Lyons et al. 1981). Annual variation in peak spawning period is
dependent on water temperature. Lyons et al. (1981) reported spawning
begins when water temperatures reach 24º C in deeper reef areas.
In Florida, there is little evidence that spiny lobsters spawn more
than once per year; however, in Bermuda, evidence supports multiple
spawning (Sutcliffe 1952).
Mating follows short courtships that involve
signals being given by both sexes. In copulation, males hold females
sternum to sternum and extrude a spermatophore which is adhered
to the female's sternum, and will remain until the time of spawning.
Sperm may be viable for as long as a month (Marx and Herrnkind 1986).
Spawning occurs when females flex the abdomen under the carapace,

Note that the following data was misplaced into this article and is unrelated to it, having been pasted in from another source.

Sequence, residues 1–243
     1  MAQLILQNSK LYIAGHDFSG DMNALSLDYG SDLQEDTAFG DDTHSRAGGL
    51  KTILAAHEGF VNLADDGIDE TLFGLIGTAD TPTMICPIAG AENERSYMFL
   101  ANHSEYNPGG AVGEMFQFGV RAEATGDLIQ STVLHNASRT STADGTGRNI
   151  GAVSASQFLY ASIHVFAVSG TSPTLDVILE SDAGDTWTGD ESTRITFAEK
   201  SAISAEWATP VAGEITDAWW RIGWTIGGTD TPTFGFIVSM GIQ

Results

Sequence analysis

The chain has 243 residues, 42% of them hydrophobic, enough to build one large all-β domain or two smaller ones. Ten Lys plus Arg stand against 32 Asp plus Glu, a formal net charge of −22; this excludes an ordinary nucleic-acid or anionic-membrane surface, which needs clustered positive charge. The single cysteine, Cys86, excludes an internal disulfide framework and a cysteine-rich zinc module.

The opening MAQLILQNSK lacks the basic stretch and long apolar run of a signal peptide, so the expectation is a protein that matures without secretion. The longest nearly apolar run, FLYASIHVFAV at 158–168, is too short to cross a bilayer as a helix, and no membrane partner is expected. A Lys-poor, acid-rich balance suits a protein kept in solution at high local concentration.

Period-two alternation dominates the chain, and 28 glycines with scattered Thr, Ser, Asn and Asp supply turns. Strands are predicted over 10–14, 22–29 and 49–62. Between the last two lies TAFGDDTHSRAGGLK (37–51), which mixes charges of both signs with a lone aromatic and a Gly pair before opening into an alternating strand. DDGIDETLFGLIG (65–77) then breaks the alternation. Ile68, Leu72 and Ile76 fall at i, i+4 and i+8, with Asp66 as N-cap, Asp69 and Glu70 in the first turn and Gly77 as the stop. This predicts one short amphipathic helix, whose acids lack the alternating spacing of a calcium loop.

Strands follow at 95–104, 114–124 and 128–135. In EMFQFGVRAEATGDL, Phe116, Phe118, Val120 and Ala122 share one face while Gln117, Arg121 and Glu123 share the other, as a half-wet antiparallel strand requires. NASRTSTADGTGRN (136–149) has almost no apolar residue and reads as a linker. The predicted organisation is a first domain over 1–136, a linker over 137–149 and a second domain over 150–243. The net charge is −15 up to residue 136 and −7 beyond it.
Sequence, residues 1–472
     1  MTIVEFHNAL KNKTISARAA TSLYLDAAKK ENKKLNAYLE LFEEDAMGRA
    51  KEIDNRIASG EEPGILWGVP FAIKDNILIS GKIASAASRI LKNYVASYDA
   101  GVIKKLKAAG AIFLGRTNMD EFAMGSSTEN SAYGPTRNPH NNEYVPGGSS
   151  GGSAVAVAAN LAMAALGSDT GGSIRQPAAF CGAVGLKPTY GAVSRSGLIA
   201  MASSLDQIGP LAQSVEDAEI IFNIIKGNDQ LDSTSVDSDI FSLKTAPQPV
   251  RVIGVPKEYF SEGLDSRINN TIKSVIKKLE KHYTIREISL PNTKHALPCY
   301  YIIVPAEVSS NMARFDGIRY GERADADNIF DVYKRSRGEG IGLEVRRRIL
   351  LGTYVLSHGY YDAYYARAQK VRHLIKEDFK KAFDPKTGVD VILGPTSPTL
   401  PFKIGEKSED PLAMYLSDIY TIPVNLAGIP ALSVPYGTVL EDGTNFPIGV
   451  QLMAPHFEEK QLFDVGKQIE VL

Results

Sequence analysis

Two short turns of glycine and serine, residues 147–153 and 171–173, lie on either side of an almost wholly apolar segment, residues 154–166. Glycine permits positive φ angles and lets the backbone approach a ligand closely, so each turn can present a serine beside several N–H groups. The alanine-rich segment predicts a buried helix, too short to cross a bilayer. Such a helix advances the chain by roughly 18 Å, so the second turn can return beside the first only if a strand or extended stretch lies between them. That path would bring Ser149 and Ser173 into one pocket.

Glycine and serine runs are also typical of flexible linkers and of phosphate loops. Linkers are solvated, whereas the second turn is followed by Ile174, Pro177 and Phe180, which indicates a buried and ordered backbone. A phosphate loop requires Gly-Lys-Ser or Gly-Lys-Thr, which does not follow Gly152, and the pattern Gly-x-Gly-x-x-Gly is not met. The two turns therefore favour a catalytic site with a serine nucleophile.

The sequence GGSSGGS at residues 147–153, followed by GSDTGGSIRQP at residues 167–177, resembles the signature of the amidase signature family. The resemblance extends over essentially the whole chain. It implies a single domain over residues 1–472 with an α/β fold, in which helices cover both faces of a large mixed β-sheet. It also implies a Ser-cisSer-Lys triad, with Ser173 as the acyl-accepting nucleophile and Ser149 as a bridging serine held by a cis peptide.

spreading the telson and uropods, as well as the pleopods. Eggs
are shed onto the abdomen, while the female scratches at the spermatophore
to liberate sperm and fertilize eggs as they are extruded.
Fecundity varies with body size. Females
71-75 mm (2.8 - 3 inches) in length carry approximately 230,000
eggs; while females over 100 mm (3.9 inches) carry more than 700,000
eggs (Mota-Alves and Bezerra 1968). Williams (1984) reported females
23 cm (9.1 inches) with 500,000 eggs, 30 cm (11.8 inches) with 1.18
million eggs, and 38 cm (15 inches) with 2.6 million eggs.
Using the Index of Reproductive Potential
(IRP) Lyons et al. (1981) estimated that female Panulirus argus
in the upper Florida Keys measuring 76-85 mm (3.0 - 3.3 inches)